This is perhaps one of two websites that pointed out the likelihood that Soarin’ would reopen for a time with the original Over California film and that is exactly what happened on May 27th. The third theater opened on the same date.
And there seems to be quite a bit of interest in the original version. On day one, the wait hit 180 minutes at 9:15am and continues to be at or near triple digits for most of the day. These wait times are not an exaggeration as lines backed up outside the queue, up the escalator, and past Circle of Life first thing in the morning.
Other wait times are in line with what we expect from a busy holiday weekend.
Figment sees nominal waits for most of the day. It can hit 25 or 35 minutes when it’s distributing maximum FastPass+, but that should hopefully be less of a concern with Soairn’ back online and the incoming Frozen attractions.
Living with the Land wait times peak during lunch from 11:15am to 1pm with short waits for much of the rest of the day. Because it’s Tier 1, it’s easy to get as a 4th FP+ selection in the afternoon or evening.
Character Spot, which is only good for Mickey/Minnie/Goofy (AND NOT FOR JOY/SADNESS OR BAYMAX), is a smart use of a Tier 2 FastPass+ with the low capacity and variable wait times.
Mission: SPACE is back to a Tier 2 FP+ selection and wait times are modest for the most part. It will likely return to being the top Tier 2 FP+ priority with Spaceship Earth coming in second.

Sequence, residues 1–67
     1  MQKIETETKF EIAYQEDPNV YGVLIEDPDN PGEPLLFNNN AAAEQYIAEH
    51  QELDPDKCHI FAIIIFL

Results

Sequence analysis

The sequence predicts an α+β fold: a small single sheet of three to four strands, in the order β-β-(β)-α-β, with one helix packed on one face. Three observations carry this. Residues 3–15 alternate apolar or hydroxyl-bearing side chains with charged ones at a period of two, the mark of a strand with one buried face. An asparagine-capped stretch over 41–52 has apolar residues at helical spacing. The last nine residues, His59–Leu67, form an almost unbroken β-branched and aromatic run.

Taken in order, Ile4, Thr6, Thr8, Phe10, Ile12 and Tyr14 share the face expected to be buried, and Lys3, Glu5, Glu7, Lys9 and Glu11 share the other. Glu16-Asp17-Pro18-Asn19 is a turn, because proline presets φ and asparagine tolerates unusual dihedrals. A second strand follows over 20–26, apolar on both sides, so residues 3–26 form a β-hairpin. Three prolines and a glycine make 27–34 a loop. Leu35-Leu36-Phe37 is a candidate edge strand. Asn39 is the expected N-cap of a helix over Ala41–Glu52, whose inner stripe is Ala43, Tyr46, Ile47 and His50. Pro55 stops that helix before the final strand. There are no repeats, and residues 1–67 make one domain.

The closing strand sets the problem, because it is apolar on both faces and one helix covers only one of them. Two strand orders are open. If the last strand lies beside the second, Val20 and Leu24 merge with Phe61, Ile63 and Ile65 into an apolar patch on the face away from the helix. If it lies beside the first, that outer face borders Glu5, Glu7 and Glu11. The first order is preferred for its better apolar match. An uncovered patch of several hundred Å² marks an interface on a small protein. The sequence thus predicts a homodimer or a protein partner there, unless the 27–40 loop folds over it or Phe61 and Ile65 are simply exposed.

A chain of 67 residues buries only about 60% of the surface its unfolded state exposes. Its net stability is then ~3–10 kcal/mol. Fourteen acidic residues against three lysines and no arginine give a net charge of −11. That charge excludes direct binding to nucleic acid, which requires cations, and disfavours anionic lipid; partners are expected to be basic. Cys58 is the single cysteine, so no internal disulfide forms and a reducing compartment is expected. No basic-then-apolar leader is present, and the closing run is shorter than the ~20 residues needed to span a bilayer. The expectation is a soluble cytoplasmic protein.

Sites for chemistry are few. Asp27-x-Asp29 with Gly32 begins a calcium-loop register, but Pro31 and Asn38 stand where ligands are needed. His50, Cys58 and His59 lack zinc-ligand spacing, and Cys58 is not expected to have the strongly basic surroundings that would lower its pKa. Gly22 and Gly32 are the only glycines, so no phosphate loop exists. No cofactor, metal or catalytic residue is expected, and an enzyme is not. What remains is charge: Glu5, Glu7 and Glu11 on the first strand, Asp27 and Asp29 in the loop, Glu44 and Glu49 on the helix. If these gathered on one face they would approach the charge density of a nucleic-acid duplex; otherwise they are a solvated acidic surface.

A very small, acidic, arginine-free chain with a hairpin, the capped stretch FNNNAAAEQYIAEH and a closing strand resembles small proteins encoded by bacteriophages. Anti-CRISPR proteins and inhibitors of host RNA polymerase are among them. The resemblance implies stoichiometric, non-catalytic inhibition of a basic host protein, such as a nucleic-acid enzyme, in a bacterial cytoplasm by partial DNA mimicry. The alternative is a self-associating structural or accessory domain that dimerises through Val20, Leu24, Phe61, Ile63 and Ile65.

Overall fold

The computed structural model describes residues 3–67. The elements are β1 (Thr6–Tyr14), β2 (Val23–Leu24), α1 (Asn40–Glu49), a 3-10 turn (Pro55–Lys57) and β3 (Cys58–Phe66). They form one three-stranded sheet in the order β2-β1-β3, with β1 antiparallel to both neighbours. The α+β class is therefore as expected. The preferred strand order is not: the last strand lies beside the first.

Speaking of which, FastPass+ continues to plague rides like Spaceship Earth, which hits 25 minutes at 10am and 45 minutes at 10:45am as those gingerly entering the Park head to the first long line they see. Those that can wait to ride until after 5:30pm most days don’t need to “waste” a FP+, but those planning to head up to World Showcase around 11am may want to use it to bypass the 20-30 minute waits.
Soarin’ doesn’t look to do much to help Test Track wait times, which average 77 minutes and hit 2.5 hours in the afternoon after a moment of downtime. We’ll see what changes Frozen brings, but it seems unlikely that riding Soarin’ first and then Test Track in standby immediately after with a short wait will be viable. Soarin’ should still take a minimum of about 25 minutes in the morning and Test Track is a solid ten minute walk away. It remains to be seen if Disney opens Epcot before 9am to ease crowds headed to Norway first thing. If they do, Frozen -> Test Track -> Mission: SPACE -> Other desired attractions (Spaceship Earth and Character Spot or another attraction with FP+ would make sense) -> Soarin’ with FP+ might be doable. We’ll see.